The bottom line is you have an ADA, independent paper studying the physical properties these materials showing they have the high strength characteristics, that they actually meet manufacturer's claims. That pretty much should dispel dentist concerns, I think, about whether or not these represent a new class of materials. They really do. They shorten it, SonicFill, for instance because it doesn't require a liner and it doesn't require a second capping layer on top shortens it close to 50% of the time. It vibrates so you get good adaptation.
They're all worthwhile. They're all effective. They're being used well. They're performing well. This one, the sonic hand piece activation is just in a class by itself and its proving very popular.
Howard: Is that your choice, then, for your direct,
Howard: … posture you're doing Kerr Solo Plus bonding agent with Kerr SonicFill?
Ron: Not the Solo Plus bonding agent, really. I would be using the XTR or …
Howard: Oh, okay, The XTR. I'm …
Ron: Yes, the XTR.
Ron: Yeah. I used to use the OptiBond FL there and …
Howard: So, you're using the Kerr OptiBond XTR?
Howard: We think it stands for Extra-terrestrial Resin. We're not sure.
Howard: Then, you're using the SonicFill. Yeah. I like the SonicFill. I think it's fantastic. Okay.
Then, so you mentioned CR, clinical research, with Gordon Christian and CRA. You mentioned ADA research. Any other research that you pay attention to? We see Cochrain, we see Michael Miller reality. Any other things that you read a lot?
Ron: Yeah. Dental Advisor, yes.
Howard: Dental Advisor?
Ron: Yes. Dental Advisor have come up with the same kind of data. I've got probably, I'm in the process right now so all this is on the tip of my tongue of writing an article for the British Dental journal on posterior composite, mainly the placement process and an emphasis on the bulk fills. I've just done my literature search on this. I was blown away the number of papers that have come out confirming SonicFill plus all the other ones, too. It's just a question of … They're all working well.
Howard: Only the British get this article? The Americans are going to get it with Dentaltown magazine?
Ron: I've actually written 3 or 4 of them for our journals, too. This one is, I don't know. A good friend of mine is editing this particular special issue of the British Dental Journal and he asked me to do it but very likely, it'll get reprinted in one of our journals.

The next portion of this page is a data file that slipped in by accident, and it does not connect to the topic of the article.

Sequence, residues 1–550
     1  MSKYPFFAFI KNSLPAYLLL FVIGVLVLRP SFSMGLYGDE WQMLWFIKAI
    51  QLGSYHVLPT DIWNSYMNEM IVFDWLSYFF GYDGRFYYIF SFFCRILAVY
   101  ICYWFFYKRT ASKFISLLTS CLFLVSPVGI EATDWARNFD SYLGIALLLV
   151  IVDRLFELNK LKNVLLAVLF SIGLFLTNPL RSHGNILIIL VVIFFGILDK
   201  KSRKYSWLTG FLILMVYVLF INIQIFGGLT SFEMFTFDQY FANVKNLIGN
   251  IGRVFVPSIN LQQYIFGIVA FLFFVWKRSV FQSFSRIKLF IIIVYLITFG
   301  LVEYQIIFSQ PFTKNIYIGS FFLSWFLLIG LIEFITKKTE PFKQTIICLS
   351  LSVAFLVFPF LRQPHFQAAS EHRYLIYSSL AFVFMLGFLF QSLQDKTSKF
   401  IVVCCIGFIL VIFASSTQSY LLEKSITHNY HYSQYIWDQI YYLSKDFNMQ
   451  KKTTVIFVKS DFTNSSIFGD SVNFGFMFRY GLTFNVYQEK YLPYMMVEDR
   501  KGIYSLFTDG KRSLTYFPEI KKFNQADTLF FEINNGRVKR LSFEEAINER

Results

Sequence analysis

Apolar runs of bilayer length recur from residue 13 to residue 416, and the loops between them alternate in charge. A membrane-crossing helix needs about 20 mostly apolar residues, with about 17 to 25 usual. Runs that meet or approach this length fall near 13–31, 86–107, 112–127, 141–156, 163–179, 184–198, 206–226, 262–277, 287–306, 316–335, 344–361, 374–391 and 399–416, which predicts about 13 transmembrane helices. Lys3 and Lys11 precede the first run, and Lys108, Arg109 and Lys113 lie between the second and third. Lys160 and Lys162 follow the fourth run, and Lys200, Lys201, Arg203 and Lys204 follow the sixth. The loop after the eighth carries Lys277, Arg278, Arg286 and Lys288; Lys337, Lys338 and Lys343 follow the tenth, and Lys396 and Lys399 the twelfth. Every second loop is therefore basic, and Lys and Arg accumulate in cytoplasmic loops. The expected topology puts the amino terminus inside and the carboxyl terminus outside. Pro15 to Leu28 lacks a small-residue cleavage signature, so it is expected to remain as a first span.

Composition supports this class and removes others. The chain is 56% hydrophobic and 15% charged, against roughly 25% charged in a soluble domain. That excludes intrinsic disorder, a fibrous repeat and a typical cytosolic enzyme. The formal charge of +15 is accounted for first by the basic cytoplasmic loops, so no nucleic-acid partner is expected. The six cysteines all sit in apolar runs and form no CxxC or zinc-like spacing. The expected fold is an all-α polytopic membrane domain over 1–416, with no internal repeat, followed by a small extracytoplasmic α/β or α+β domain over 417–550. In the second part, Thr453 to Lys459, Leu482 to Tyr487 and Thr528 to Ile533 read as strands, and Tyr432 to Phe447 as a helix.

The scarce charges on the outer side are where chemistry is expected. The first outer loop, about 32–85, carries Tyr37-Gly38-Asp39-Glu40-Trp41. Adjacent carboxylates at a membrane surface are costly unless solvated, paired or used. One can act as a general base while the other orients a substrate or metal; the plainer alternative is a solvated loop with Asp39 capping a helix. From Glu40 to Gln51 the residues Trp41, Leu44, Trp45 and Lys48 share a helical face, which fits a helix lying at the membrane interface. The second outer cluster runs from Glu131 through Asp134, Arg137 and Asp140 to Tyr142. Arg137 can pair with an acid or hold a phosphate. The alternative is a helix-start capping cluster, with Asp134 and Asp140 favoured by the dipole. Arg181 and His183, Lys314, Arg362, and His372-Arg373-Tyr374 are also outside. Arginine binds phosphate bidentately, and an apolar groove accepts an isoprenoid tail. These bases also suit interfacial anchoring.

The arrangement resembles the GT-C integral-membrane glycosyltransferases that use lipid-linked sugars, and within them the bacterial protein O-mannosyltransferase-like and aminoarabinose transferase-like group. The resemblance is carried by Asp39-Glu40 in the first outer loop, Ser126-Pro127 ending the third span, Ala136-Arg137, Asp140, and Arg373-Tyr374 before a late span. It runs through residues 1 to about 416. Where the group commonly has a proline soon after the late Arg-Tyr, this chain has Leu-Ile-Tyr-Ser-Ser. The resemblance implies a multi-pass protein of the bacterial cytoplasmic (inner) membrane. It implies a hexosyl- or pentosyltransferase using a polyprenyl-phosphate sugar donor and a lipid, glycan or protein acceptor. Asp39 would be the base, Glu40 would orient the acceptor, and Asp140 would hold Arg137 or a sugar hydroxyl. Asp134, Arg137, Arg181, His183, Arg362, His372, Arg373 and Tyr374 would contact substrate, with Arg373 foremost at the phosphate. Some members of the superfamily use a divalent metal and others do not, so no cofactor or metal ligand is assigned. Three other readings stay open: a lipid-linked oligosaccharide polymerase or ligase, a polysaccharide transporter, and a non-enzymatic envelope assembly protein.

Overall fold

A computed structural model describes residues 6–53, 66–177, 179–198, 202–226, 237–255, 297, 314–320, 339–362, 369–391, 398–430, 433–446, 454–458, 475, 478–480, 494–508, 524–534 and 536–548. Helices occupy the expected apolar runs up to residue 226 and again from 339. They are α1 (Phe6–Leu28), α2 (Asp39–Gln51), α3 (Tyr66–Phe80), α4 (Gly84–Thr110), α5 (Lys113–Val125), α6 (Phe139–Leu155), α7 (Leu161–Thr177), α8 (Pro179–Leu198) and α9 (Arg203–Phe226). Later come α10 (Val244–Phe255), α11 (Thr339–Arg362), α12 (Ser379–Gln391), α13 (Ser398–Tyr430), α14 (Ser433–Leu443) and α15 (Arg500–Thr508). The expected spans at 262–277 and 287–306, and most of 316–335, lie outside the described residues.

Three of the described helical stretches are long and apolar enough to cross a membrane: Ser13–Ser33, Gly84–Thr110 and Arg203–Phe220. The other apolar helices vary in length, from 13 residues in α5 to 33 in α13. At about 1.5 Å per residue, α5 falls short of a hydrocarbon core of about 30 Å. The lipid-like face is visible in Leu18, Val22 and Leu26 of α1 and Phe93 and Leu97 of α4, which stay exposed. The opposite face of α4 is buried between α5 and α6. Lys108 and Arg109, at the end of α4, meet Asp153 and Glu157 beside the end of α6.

Howard: I hope it's Dentaltown. Let's … Then, I also want to ask you about the light cure. You're talking the light cure. Does the light matter or is there any type of lights that are better than others?
Ron: Yes. Absolutely, Howard. Boy, I'm glad you mentioned this because it's something I really spend more time on now in lectures. To be fair to Gordon, this is where he's concerned about. I had feedback why he's a bit concerned about bulk fills is more the curing depth and his worry is that dentists using inadequate lights. Quite frankly, they're still out there. I tried to shame my audience carefully. I try to phrase it as a joke. I'm not as good as you are at jokes but I tell dentists if they have in their pocket the latest smart phone and they're curing their composite with a light that was developed in the last century, then they're an idiot. Dentists have really got to quit using halogen lights. They need to go out and buy these high quality LED lights, minimum output of 1,000 milliwatts per centimeter squared. Most of them are going up to 12, to 1,800. They're several of them out there.
Howard: Name some.
Ron: The majors out there would be … Actually Kerr has one. Imatron Plus. Ivoclar, Ivoclar. I don't know how you say it. Ivoclar, Ivoclar. It depends whether you're on this side of the ocean or not. They've got 3 really good curing lines out there.
Howard: You know their names?
Howard: Do you know the Ivoclar names in the Curing line?
Ron: Yes, I do. The 20I. There's a brand new one out now that I don't know why. It's too bad. When you get 68, this is one of the things that's going now. It's not that my memory isn't there anymore. It's just on delay but the 20I is a very effective one. Oh, the style. One called the Style. Ultradent has one called Valo. Dentsply has a light and so does 3M.